Left, right,

 Left, right, left.

 Silencers all of them.

 Community (dialogue),

 dialogue (community),

 community (dialogue),

 dialogue (community).

Hollow soundings, shady submissions.

Subject.

(Oна не здесь).

K. Zolatova

N.b. The word “subject” in line 2 and in the second to the last line should have a double strike-through; unfortunately, I have not figured out how to create this effect. Hacker advice is most welcome.)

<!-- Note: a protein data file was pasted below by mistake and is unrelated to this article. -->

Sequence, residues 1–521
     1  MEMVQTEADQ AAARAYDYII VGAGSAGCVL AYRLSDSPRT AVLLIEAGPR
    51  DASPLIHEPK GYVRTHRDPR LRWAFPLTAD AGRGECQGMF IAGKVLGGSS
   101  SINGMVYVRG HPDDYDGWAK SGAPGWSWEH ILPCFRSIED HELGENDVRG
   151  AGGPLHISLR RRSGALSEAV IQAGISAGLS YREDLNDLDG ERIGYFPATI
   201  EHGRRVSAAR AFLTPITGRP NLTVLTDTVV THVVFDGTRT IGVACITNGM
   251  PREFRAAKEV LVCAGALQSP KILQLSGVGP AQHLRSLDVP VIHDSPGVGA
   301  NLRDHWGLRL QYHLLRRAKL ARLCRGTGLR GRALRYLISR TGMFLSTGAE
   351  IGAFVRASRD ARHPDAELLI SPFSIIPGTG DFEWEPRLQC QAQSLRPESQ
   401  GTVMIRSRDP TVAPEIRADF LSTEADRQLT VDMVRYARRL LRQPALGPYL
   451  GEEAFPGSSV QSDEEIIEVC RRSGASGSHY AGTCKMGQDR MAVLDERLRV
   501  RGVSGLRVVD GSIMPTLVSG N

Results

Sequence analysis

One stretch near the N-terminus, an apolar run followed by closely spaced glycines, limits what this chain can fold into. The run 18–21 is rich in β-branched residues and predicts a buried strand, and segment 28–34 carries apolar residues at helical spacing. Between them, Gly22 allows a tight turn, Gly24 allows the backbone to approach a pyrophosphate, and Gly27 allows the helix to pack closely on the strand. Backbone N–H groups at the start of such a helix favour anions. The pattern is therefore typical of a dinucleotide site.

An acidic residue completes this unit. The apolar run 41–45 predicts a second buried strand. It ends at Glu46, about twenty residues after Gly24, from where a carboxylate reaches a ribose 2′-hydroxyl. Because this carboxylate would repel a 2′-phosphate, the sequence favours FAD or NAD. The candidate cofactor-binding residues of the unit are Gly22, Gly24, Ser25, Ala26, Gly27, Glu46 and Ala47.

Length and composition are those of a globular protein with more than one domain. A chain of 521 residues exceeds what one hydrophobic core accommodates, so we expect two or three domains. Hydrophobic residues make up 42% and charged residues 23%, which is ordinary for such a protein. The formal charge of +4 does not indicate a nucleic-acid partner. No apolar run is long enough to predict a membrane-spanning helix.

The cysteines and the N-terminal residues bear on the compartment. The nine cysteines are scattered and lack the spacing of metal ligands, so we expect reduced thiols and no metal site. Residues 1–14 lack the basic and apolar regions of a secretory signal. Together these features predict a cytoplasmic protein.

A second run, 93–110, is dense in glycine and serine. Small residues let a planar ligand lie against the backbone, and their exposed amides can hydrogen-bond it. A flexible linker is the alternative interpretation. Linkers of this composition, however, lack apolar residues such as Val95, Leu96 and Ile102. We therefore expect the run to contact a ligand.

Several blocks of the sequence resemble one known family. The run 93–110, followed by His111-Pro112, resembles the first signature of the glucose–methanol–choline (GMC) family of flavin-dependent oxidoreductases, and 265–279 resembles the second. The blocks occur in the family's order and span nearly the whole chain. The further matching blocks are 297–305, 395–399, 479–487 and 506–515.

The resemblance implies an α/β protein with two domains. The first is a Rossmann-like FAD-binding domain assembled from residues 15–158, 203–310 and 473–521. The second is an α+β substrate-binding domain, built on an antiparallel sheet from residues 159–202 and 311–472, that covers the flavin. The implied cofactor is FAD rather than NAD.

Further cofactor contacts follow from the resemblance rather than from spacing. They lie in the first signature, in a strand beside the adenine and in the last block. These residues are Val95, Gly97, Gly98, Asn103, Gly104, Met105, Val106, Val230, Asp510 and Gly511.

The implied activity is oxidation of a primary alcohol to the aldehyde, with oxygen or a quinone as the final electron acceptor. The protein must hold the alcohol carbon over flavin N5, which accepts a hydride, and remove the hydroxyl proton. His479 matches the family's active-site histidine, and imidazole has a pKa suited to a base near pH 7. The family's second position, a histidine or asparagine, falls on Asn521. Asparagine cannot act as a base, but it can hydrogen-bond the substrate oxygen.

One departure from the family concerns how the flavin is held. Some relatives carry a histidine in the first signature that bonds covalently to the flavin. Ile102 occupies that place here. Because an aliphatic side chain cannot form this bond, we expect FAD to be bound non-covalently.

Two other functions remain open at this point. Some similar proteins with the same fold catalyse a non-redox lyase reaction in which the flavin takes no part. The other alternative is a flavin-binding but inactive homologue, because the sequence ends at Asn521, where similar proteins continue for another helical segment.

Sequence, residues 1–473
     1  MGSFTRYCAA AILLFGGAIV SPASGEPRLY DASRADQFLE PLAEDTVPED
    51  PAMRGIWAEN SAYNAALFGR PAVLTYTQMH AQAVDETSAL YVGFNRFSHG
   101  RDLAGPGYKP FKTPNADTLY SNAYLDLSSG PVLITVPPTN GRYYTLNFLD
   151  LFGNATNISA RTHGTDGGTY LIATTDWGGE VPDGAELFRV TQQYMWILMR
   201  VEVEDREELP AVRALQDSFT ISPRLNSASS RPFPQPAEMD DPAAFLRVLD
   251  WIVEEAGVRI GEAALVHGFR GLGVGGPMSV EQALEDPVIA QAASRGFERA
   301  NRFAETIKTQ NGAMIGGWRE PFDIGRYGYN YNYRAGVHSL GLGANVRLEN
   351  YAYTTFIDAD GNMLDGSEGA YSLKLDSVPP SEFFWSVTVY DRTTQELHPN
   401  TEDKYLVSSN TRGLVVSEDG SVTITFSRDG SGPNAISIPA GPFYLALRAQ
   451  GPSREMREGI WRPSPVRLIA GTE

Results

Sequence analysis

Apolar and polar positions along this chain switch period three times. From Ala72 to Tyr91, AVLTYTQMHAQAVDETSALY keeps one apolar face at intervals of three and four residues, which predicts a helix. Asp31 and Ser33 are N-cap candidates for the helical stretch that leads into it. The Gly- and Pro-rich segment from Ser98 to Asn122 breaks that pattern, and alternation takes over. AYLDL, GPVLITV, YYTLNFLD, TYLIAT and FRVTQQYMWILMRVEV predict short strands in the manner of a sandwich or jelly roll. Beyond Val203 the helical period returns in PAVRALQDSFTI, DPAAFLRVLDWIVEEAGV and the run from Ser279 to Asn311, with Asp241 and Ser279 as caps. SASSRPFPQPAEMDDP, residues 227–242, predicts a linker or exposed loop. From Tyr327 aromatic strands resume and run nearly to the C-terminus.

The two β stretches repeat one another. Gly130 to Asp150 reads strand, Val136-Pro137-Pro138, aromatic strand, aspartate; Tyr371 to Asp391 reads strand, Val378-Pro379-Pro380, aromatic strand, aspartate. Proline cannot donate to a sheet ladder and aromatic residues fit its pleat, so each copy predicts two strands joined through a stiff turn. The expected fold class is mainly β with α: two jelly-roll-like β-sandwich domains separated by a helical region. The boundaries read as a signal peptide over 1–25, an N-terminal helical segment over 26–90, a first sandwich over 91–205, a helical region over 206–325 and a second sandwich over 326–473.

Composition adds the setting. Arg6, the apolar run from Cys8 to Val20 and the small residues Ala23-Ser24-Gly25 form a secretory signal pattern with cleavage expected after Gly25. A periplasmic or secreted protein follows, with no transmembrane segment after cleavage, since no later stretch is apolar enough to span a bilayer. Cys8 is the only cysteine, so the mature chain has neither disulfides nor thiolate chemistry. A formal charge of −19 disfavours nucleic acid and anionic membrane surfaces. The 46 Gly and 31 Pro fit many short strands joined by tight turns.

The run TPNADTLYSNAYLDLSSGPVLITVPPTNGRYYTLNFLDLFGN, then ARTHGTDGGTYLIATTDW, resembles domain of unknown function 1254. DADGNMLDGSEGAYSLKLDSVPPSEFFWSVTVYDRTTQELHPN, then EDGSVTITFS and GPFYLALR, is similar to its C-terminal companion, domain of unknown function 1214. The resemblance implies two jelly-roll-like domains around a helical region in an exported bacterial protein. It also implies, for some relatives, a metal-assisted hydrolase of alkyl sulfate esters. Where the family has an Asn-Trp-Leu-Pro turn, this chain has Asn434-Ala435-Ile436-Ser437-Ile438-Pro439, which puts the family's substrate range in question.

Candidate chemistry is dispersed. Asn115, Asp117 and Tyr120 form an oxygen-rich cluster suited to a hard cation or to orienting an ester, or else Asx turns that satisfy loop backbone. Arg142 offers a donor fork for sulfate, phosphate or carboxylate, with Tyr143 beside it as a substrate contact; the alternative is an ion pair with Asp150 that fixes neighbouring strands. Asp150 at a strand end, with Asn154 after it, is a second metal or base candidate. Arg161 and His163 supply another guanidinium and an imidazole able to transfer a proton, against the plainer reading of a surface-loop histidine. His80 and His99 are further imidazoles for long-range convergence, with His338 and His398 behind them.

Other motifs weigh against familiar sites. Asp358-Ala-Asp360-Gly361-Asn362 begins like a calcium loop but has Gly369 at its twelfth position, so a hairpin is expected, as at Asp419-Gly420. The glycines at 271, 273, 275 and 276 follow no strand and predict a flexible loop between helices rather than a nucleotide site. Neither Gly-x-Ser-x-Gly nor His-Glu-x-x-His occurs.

Like a voice crying out in the wilderness, Frederick Douglass speaks both eloquently and powerfully to the brutality and injustice of chattel slavery. For example, in his 1852 oration, “The Internal Slave Trade,” Douglass offers his own analysis and stringent condemnation of America’s participation in the trafficking of human beings for economic gain. He begins by drawing our attention to “the practical operation” of America’s slave industry, an industry “sustained by American politics and American religion! Here you will see men and women reared like swine for the market.”[1] Driven around the country like mere animals, these men, women, and children are beaten, prod, and whipped, as they process in dirge-like fashion toward the New Orleans slave market. Douglass then zeros in on a few of these infelicitous, iron-clad souls—an elderly, gray headed man, a young mother with sun-scorched back and teary eyes carrying her infant child, a teen-aged girl mourning the violent separation from her mother. Tired and exhausted from hours of exposure to the blistering sun, the young mother begins to lag behind. Then you hear it—“a quick snap, like the discharge of a rifle; the fetters clank, and the chain rattles simultaneously; your ears are saluted with a scream that seems to have torn its way to the center of your soul.”[2] What was this awful sound, followed by a high-pitched, piercing scream? The sound was a whip striking the young mother’s bare shoulder; the scream needs no explanation. As the slave traders drive this human herd to the auction block, where the males will be “examined like horses” and the women ”exposed to the shocking gaze of American slave-buyers,” Douglass implores us not to forget “the deep, sad sobs that arose from that scattered multitude.”[3]